Released today: a free information book explaining the coronavirus to children, illustrated by Gruffalo illustrator Axel Scheffler Axel Scheffler has illustrated a digital book for primary school age children, free for anyone to read on screen or print out, about the coronavirus and the measures taken to control it. Published by Nosy Crow, and written by staff within the company, the book has had expert input: Professor Graham Medley of the London School of Hygiene & Tropical Medicine acted as a consultant, and the company also had advice from two head teachers and a child psychologist. The book answers key questions in simple language appropriate for 5 to 9 year olds: • What is the coronavirus?
One theory all teachers with disruptive children should know about Imagine a classroom where children are unable to wait their turn or stay focused on their work. They are easily distracted, cannot remember basic instructions or hold enough information in their head to solve problems – skills teachers rely on in order to teach successfully. These behavioural issues are all examples of problems that can arise from attachment issues – based on the relationship between children and their main caregiver. Attachment theory is now one of the world’s most well-researched theories about human development. It was first proposed by the 20th-century British psychiatrist John Bowlby, who considered that children needed to develop a secure attachment with their main caregiver via sufficiently consistent, responsive, sensitive, appropriate and predictable care and support.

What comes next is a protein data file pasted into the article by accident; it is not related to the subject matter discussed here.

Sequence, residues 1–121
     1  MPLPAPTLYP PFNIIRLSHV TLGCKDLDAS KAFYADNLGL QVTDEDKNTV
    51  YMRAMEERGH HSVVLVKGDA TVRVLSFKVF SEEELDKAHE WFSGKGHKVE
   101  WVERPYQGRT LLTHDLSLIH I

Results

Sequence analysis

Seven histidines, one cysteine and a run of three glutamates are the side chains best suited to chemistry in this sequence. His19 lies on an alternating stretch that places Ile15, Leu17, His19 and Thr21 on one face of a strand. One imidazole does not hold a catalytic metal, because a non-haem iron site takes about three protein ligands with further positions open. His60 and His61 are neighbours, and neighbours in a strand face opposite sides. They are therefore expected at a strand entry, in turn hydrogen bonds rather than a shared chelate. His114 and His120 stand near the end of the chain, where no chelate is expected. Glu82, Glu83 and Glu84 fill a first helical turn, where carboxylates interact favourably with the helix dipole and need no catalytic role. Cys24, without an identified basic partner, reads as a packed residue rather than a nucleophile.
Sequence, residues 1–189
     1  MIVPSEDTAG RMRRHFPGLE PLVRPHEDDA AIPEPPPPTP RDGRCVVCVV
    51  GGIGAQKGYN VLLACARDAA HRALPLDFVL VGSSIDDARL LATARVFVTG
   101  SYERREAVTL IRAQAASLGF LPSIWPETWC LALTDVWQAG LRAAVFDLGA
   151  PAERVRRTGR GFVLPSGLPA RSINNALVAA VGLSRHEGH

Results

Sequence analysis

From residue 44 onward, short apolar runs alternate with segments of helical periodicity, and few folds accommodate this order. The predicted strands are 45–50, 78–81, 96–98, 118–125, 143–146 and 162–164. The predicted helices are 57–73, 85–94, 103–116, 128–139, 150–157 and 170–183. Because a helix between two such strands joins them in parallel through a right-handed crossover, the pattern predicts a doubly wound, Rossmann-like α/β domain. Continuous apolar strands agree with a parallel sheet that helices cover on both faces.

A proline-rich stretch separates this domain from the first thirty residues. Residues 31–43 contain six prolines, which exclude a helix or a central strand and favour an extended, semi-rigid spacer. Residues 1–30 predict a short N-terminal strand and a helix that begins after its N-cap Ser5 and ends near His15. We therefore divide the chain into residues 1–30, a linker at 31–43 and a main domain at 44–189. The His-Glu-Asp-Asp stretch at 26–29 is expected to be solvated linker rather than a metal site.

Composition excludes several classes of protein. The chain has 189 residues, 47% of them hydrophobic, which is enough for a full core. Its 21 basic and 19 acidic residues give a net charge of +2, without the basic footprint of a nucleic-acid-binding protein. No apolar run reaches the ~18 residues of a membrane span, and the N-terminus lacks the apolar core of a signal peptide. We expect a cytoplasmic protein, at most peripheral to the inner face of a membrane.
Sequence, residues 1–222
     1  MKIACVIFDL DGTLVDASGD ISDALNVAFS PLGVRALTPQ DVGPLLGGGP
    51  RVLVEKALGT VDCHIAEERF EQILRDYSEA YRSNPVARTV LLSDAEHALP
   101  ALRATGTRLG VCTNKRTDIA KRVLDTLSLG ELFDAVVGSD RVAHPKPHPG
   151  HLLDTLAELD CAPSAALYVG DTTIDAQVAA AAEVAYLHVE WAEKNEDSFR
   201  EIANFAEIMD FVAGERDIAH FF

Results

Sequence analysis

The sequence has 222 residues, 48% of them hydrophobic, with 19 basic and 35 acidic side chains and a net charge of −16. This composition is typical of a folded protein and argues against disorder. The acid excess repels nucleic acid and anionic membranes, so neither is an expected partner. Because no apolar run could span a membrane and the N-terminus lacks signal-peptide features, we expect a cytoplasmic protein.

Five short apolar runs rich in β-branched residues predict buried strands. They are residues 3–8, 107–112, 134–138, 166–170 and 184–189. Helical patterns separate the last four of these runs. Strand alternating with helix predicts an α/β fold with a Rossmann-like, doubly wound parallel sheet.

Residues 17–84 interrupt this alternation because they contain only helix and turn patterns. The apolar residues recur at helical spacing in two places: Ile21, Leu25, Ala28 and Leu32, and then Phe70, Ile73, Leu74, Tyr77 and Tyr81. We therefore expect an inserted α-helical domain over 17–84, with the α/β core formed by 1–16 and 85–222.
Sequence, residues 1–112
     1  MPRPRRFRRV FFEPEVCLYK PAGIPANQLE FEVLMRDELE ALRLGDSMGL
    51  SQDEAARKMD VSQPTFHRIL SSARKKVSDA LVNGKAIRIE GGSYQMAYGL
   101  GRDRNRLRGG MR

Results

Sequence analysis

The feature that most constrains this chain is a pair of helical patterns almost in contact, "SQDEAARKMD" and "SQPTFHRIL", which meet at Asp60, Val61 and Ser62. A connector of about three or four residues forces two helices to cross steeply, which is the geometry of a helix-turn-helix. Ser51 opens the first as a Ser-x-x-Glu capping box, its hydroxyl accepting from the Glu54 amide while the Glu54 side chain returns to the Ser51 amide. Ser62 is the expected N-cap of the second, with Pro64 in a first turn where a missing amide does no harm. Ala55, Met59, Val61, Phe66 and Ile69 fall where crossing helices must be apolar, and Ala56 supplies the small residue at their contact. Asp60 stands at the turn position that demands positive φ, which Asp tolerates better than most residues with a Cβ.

The Key to Effective Classroom Management It’s a daunting but all-too-common sight for many teachers: A classroom full of rowdy students who are unable to focus on the lesson. Classroom management techniques may get things back on track, but valuable time has already been lost. Many experienced teachers know that making meaningful connections with students is one of the most effective ways to prevent disruptions in the first place, and a new study set out to assess this approach. In classrooms where teachers used a series of techniques centered around establishing, maintaining, and restoring relationships, academic engagement increased by 33 percent and disruptive behavior decreased by 75 percent—making the time students spent in the classroom more worthwhile and productive. “Strong teacher-student relationships have long been considered a foundational aspect of a positive school experience,” explains Clayton Cook, the lead author of the study and a professor at the University of Minnesota. Relationship reflection form
21 of the Best Early Years Books for International Friendship Day We know that skills like empathy aren’t fully developed until later in a child’s life, which is why there are so many stories on friendship and how to treat people aimed at Early Years. International Friendship Day, then, is a great opportunity to share some of these amazing books with your children. It does, however, fall on Sunday 30 July. So celebrating on the day itself is going to be difficult, doubly so for Reception classes who are on summer holidays. Here are our picks for some top tales that touch on various aspects of friendship that kids will love.